Can Manual Therapy help Tinnitus?
I thought tinnitus is just treated by hearing aids
Tinnitus has a prevalence of 15% among the adult population. The problems are normally due to the ear but approximately 40% of these tinnitus patients suffer from somatic tinnitus due to somatosensory changes of the cervical spine or temporomandibular area (Michiels et al 2016).
Somatosensory tinnitus involves problems of the musculoskeletal system rather than of the ear. There are many authors now that underline the involvement of non auditory centers in the pathogenesis and regulation of tinnitus. Therefore, this could be a sole reason for your tinnitus or a secondary reason for your tinnitus.
We consider this population to have “somatosensory tinnitus” as the patient could have dysfunction in both the neck and the jaw. Therefore, having someone who is specialized to treat both of these regions is truly beneficial to give you an optimal treatment approach.
Can Physical Therapy help Tinnitus?
Somatosensory tinnitus is a subgroup of tinnitus that is responsive to manual-based tinnitus treatments by your physical therapist. Considering the somatic tinnitus population is a rather large group (almost half of all tinnitus patients!), PhysioFit of North Carolina offers tailored and individualized treatments to the cervical spine and jaw.
A multimodal cervical physical therapy treatment can have a positive effect on tinnitus complaints in some patients with a combination of tinnitus and neck complaints. We recommend 1:1 sessions with your therapist to determine cause:effect of any neck or jaw movements and address those complaints immediately.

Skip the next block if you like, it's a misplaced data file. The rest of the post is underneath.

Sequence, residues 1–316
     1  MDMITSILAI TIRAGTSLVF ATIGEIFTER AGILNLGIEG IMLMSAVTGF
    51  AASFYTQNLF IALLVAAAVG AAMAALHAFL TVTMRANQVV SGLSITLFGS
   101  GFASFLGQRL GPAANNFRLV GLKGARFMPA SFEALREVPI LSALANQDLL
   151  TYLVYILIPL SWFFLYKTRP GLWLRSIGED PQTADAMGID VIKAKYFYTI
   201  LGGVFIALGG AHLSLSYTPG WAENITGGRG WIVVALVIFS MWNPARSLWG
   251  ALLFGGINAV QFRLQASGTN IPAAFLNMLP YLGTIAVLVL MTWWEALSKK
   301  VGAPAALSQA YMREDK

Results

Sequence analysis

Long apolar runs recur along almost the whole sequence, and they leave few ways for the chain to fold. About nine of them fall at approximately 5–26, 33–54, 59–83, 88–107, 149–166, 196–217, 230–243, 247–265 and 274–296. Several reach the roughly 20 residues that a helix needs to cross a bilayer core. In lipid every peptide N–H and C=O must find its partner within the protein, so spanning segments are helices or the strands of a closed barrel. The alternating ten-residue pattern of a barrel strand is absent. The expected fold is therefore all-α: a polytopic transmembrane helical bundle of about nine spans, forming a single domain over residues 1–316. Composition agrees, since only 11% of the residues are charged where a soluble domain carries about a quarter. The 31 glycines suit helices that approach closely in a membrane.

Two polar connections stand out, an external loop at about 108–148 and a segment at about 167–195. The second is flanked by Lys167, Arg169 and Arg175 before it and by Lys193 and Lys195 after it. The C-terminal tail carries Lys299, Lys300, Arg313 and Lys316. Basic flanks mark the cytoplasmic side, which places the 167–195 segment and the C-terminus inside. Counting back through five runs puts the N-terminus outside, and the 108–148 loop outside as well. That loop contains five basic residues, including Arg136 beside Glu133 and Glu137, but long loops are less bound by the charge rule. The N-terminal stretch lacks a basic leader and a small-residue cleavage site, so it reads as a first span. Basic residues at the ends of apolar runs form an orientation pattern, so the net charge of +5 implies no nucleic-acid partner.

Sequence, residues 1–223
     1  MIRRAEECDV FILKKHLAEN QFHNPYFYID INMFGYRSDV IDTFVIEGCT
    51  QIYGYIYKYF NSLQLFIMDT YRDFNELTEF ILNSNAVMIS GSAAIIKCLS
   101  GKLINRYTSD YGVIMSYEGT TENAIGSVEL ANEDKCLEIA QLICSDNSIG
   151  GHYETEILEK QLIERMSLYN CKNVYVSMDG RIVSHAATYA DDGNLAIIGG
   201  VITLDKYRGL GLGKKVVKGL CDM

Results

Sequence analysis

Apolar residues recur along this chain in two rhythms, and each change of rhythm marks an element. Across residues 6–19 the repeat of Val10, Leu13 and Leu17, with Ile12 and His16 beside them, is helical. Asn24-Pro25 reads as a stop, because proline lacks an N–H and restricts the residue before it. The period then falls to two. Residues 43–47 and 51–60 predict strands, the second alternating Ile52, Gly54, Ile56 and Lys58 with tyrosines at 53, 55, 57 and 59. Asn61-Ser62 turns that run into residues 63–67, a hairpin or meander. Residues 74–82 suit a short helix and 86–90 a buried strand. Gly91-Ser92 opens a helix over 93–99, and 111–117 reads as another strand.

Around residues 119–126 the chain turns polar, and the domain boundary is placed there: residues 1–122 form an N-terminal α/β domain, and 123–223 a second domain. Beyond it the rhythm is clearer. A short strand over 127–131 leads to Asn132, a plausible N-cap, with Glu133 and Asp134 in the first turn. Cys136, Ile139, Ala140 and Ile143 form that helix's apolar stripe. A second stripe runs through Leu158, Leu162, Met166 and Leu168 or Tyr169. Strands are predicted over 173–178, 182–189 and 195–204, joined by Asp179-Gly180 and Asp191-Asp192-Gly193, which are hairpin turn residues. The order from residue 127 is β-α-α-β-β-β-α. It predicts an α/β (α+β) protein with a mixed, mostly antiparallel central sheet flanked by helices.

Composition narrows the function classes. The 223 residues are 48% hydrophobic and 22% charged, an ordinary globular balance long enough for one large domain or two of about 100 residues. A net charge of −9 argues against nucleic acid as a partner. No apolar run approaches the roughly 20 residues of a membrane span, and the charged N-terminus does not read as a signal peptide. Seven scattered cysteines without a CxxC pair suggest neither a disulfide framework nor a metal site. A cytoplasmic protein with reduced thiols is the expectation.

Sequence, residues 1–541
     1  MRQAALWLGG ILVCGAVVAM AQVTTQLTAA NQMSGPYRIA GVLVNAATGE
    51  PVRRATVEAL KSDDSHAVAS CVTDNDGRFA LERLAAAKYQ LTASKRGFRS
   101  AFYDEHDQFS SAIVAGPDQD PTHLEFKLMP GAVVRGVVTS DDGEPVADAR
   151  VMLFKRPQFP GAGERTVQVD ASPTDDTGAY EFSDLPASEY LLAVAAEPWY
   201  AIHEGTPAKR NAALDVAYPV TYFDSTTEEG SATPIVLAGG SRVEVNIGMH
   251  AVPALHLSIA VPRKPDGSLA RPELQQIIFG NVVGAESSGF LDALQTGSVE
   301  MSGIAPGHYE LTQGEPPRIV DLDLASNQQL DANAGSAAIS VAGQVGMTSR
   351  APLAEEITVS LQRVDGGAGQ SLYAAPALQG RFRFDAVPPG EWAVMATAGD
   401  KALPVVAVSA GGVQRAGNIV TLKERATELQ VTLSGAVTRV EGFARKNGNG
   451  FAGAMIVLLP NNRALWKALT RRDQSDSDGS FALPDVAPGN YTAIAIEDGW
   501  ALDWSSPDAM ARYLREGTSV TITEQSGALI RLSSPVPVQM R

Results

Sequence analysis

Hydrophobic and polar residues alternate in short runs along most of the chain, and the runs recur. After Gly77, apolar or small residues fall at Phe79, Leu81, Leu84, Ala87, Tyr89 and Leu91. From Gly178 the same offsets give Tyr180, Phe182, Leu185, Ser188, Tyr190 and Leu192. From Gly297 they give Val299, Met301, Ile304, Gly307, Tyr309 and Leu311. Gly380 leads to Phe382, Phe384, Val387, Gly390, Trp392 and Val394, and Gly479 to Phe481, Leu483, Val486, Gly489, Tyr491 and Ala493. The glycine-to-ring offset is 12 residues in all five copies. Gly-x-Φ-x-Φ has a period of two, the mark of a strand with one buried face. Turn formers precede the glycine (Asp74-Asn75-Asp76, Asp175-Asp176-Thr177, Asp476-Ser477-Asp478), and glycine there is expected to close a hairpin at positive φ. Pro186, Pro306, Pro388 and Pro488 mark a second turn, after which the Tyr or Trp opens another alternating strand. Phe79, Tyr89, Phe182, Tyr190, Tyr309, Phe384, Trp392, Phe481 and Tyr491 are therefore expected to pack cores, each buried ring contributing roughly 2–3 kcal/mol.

To back up our claims, here are two studies showing treatment to the cervical spine with manual therapy, exercise and education:
Bakker et al 2012 that found a significant decrease of tinnitus after 12 sessions of physical therapy in 62.9% of the patients.
Michiels et al 2016 found 53% of the patients perceived substantial improvement of tinnitus immediately after a 6-week treatment period. This effect was maintained after the follow-up period in 24% of the patients.
These results do show still a portion of patients did not show improvement. At PhysioFit of North Carolina, we not only treat the cervical spine to treat somatosensory tinnitus, but also treat the jaw and face. This is coined TMJ treatment.
Our Vestibular Specialist, Dr. Danielle Vaughan, is also available to evaluate and treat any underlying BPPV symptoms that may also be a reason for your symptoms.
Our exercise programs are also not just given to patients but are under the framework of “Feel it to Heal it Physio” —- where we make sure you feel your exercises where you should or they will not do you any good!
Feel free to contact us if you have any questions or book an appointment today to get relief!
Harrison Vaughan is a physical therapist and co-owner of PhysioFit of North Carolina. He provides physical therapy assessment and treatment of somatosensory tinnitus in Wake Forest, NC. He utilizes patient education, ergonomic changes, cervical spine strengthening and/or mobility training, and local TMJ manual therapy procedures to help you.
Danielle Vaughan is a physical therapist and co-owner of PhysioFit of North Carolina. She is a Vestibular Specialists and uses physical therapy assessment and treatment of somatosensory tinnitus in Wake Forest, NC. She utilizes canalith repositioning procedure for BPPV and vestibular rehabilitation, alongside education and ergonomic changes, to help you.